On June 24, Premier Caroline Cochrane presented the NWT Family Medicine Residency Program with the 2021-22 Premier’s Award for Excellence for their work involving a partnership between NWT health and social services authorities and, the University of Alberta Department of Family Medicine. A residency program was created in Yellowknife to address the challenges to retention and recruitment the territory is facing with family physicians and specialists. Lead by Dr. David Pontin, the awarded team includes: Dr. Hannah Shoichet, Dr. John Chmelicek, Dr. Michelle Morros, Dr. Samantha Horvey, Debbie Meade, April Lau, and Tanis Arcuri.
With the implementation of the residency program, the objective is to use it as a recruitment and retention strategy, while actively training the next generation of physicians with the education and skills necessary to work anywhere in Canada but specifically the NWT. This program presents an approach that leads to opportunity for prospective medical residents, sustainable staffing and increased retention, partnerships between governments and stakeholders, and critical education on the importance of cultural safety in healthcare in the NWT. The vision of the medical residency program is to develop a long-term, longitudinal family medicine residency site that provides an integrated approach to practice and education with a focus on cultural competencies that will have a positive impact on physician recruitment and retention and quality of care delivered to the people of the NWT. We also know that from experience that people who spend time living and working in the NWT for extended periods of time – and get involved in the vibrant community life and diverse cultures and experiences the territory has to offer – are more likely to want to stay here and work. This program provides that opportunity.
The development of the Yellowknife Family Medicine (YK FM) Residency Site and partnership has resulted in the creation of many exceptional qualities, including:
- Urban, rural, and remote training opportunities.
- First and only circumpolar training site.
- First dedicated, year-round residency site north of 60 with a focus on serving Indigenous populations.
- The program capitalizes on the fact that the program offers unique training experiences that cannot be found in other urban, or rural programs which helps make the program exciting and interesting for those that are looking for adventure and to broaden their experience.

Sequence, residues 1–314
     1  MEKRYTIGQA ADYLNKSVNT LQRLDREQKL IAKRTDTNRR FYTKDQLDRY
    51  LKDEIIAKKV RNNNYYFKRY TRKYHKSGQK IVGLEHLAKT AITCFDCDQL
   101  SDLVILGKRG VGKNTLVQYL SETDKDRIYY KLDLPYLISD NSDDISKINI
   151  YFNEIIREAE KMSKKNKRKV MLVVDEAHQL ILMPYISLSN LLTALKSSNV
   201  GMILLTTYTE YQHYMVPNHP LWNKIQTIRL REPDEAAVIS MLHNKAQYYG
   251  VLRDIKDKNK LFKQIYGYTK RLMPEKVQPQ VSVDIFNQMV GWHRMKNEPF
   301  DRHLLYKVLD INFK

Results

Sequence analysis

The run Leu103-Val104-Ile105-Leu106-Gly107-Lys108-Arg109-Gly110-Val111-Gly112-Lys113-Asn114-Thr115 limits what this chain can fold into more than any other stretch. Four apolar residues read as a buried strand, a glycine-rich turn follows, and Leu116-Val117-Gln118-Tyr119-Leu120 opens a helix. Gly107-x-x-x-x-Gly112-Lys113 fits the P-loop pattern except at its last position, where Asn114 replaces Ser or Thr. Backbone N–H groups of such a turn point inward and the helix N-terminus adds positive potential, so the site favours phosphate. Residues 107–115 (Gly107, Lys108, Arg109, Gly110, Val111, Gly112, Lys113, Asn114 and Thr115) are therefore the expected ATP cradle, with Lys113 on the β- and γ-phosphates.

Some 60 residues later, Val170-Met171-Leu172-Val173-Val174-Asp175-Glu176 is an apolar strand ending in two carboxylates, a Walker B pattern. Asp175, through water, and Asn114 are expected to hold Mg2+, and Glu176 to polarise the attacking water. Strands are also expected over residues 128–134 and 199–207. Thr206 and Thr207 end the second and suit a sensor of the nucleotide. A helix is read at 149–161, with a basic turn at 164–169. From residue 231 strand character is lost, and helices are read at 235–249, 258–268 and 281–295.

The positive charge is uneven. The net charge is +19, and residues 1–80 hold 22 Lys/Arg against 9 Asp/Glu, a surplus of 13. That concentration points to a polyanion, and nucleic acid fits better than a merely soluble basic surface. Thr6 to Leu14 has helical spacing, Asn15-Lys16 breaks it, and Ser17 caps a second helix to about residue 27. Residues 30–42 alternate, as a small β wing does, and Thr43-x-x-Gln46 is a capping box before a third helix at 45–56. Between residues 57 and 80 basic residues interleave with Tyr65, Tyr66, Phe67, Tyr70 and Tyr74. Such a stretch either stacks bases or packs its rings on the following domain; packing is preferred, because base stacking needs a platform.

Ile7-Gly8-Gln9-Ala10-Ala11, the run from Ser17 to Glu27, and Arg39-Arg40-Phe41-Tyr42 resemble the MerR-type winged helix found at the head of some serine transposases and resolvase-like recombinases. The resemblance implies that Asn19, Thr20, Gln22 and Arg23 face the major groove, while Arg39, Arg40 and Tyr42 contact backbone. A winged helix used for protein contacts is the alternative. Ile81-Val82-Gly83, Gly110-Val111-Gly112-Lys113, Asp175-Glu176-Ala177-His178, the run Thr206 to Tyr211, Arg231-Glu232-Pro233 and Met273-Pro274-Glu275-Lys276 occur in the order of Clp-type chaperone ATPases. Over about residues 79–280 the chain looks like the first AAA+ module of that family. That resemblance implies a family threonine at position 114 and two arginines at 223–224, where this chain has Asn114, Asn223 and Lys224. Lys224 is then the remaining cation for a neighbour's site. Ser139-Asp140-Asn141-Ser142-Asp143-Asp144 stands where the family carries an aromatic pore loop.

- The program is only one of 3 family residency sites in Canada that offer ‘remote’ training opportunities.
- Residency training is a two-year program and has allocated two spots for Canadian Medical Graduates each year.
- The two University of Alberta medical residents train primarily in Yellowknife with some travel to Alberta, Nunavut, and Inuvik for mandatory rotations.
Becoming an established residency program at the University of Alberta, it was essential that the program had the tools for learner assessment, learner support, research, faculty development, and academic programming. Ensuring the incorporation of traditional knowledge was at the centre of the program, collaborative efforts were made with medical educators from the NWT and the University of Alberta, as well as outreach to include input from NWT communities. The Truth and Reconciliation Commission of Canada: Calls to Action, aided in the guiding the development to provide medical education and cultural safety in the NWT. Developing the program also involved multiple stakeholders including: NWT HSS Leadership Council, Communities, Indigenous Advisory Committee, Indigenous Health & Wellness Group, and the Department of Health and Social Services Community, Culture, Innovation division.
The program has already seen great success in its inaugural years as there has been improved access to services, increase medical care provided across the NWT, increased opportunities for local physicians, and increased interest of recruitment for medical students looking to pursue a residency and become a physician in the North.